Mike Savala, left, a fire engine captain, and Reggie Merino are pictured at Merino’s home in Greenville, where some residents affected by the Dixie Fire are beginning to try to put the pieces of their lives back together. (Christian Monterrosa/New York Times)

Mike Savala, left, a fire engine captain, and Reggie Merino are pictured at Merino’s home in Greenville, where some residents affected by the Dixie Fire are beginning to try to put the pieces of their lives back together. (Christian Monterrosa/New York Times)

At the scene of the Dixie Fire

By Livia Albeck-Ripka

New York Times

GREENVILLE —

After the Dixie Fire tore through this remote mountain town, Mike Savala heard that his home was, miraculously, still standing. He did not know the fate of his two cats.

“I had the cops lift my window up so they could get out, but I hope they did,” he told me Sunday, as he gingerly opened the door to his home for the first time since evacuating four days earlier.

The animals were nowhere to be found.

Savala, 40, a fire engine captain, is among hundreds of residents in the rural communities affected by the Dixie Fire, some of whom are beginning to try to put the pieces of their lives back together, even while remaining in a state of limbo under hazy skies and persistent evacuation orders.

Earlier this month, I traveled to the northeast part of California to cover the fire, which by Wednesday, had razed more than 500,000 acres and become the second largest in state history. I arrived early in the morning under a thick cloud of smoke to Quincy, a town 160 miles north of Sacramento.

There, the fair grounds have been transformed into a tent city of firefighters catching a breath and a few hours of sleep before heading back to the fire zone. Some guesthouses have become makeshift evacuation centers, cafes into soup kitchens.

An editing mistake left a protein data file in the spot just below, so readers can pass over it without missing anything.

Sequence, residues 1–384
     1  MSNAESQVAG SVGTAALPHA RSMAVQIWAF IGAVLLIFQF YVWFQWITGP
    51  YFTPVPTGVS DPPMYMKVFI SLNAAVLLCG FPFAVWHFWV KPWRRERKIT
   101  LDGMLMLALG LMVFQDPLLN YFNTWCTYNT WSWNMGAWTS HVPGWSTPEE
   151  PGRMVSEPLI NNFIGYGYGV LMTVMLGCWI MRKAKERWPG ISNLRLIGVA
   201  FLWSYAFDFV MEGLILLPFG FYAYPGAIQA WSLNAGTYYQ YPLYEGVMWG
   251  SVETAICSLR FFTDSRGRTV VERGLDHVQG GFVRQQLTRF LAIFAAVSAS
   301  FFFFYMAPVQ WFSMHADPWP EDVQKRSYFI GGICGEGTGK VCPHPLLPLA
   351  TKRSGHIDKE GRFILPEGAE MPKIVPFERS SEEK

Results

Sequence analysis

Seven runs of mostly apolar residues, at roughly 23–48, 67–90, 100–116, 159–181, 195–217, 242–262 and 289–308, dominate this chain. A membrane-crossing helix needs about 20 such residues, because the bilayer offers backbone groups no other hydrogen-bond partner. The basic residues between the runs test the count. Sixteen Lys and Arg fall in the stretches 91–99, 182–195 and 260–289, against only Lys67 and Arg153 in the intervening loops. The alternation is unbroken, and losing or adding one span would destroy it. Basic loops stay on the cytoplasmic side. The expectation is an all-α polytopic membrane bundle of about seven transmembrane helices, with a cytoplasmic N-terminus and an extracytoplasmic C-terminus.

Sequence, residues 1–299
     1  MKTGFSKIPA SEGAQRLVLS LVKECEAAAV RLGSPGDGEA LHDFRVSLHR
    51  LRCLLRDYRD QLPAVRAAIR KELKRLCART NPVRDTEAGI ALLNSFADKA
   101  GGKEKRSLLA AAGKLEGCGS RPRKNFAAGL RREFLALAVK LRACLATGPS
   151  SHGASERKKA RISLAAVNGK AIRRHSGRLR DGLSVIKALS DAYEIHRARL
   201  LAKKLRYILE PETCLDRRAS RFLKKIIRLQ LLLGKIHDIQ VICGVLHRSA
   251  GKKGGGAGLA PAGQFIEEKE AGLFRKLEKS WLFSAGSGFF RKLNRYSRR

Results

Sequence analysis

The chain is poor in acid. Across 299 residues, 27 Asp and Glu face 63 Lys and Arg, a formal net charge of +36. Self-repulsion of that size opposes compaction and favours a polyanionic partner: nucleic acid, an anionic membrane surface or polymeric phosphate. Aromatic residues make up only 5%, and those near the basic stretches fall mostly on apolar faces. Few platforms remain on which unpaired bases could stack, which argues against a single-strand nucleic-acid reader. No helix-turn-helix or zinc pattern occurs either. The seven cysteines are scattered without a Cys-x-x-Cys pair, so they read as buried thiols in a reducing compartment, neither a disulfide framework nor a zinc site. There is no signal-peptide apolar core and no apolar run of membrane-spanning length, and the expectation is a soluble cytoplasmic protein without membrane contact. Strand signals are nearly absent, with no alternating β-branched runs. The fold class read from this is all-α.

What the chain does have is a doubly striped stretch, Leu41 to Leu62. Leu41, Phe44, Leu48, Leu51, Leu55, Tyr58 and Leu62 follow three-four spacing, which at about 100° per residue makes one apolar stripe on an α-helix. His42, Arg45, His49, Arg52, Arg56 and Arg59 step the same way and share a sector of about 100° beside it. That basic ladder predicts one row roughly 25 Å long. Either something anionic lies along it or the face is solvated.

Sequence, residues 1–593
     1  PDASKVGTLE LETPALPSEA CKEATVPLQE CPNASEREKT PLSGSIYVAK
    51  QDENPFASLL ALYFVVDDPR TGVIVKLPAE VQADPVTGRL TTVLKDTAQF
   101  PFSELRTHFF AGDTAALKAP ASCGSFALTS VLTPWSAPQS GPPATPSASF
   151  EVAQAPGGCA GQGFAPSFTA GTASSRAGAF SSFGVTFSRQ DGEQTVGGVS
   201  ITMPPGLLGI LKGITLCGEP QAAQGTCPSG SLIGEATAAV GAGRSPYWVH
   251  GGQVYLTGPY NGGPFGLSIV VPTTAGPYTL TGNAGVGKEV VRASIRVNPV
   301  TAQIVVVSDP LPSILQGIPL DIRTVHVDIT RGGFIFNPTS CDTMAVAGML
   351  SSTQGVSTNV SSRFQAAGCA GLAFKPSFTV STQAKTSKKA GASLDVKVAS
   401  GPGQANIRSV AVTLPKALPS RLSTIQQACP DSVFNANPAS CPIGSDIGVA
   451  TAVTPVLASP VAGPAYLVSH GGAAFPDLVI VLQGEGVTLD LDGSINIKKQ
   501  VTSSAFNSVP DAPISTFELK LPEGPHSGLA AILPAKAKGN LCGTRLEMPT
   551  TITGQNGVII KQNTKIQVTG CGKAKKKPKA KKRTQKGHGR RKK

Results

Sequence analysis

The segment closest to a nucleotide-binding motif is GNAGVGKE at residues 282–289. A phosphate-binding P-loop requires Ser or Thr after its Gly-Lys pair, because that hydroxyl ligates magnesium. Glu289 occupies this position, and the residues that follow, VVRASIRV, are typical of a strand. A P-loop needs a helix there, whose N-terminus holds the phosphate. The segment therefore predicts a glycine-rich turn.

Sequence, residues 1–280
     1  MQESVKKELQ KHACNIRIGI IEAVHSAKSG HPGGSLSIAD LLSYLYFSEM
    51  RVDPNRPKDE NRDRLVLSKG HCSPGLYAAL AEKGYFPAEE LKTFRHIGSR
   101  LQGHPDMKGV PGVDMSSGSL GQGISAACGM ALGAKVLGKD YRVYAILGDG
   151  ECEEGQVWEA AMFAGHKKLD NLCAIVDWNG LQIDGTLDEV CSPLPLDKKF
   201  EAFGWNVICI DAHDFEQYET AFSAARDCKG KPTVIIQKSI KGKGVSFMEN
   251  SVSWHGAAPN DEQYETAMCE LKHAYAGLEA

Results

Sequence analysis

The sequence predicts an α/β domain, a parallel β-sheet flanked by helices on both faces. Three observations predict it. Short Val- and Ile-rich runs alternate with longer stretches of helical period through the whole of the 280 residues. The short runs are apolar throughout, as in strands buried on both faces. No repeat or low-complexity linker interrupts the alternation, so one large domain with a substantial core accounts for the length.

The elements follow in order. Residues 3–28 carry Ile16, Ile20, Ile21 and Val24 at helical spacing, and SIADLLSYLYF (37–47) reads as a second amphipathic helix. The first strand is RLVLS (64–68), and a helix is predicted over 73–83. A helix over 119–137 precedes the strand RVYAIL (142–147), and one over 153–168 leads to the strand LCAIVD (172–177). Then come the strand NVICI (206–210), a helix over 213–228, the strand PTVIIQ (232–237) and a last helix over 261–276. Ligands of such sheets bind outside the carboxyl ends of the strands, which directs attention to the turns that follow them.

Some in the town are camped out in trailers while others are holding out on nearby ranches, or in the dense forest — anguished by the prospect of leaving their homes, land and, in some cases, the animals that are their livelihood.

“You wonder from day to day what is going to happen next,” said Shiwaya Peck, an elder of the local Native American Maidu community, who has remained at her home in an evacuated area near Taylorsville, another small town near the blaze.

“I don’t want to see my grandpa’s trees burned up,” she told me as she stood in her garden among the fir and cedar giants.

On the front line of the blaze, weary, soot-covered firefighters who are working grueling two-week shifts say they are understaffed and exhausted. Some of the work involves fighting fire with fire as crews burn containment lines in cooler weather at night. Others stamp out spot fires and embers. Some hike tens of miles for several hours a day: Their only weapons to battle the fire are the tools they carry on their backs.

“We’re all very tired,” said Matt Sanders, 40, a fire engine captain. Of the fire season, he added, “I have no doubt in my mind that it’s just getting started.”

As of Friday, the Dixie fire was 31% contained, and hot dry conditions meant it showed no signs of abating. Several other smaller fires were also burning across California — where the fire season is growing in length every year, according to Cal Fire.

Just miles from Quincy, the fire front can be seen creeping down the mountainside, plumes of smoke rising above it. When the sun emerges, so does an atmosphere of anxiety: The layer of smoke holding the flames at bay lifts, allowing conditions for the fire to worsen.

For those experiencing the Dixie Fire, it can be hard to believe their bucolic mountain communities have been transformed into a hazy-skied disaster zone, where the roads in and out are blocked.

“I didn’t think this would happen, and then it was gone,” Savala said over the weekend, as he surveyed the destruction in Greenville.

The last I heard, he had still not found his cats.

This article originally appeared in The New York Times.

California fires

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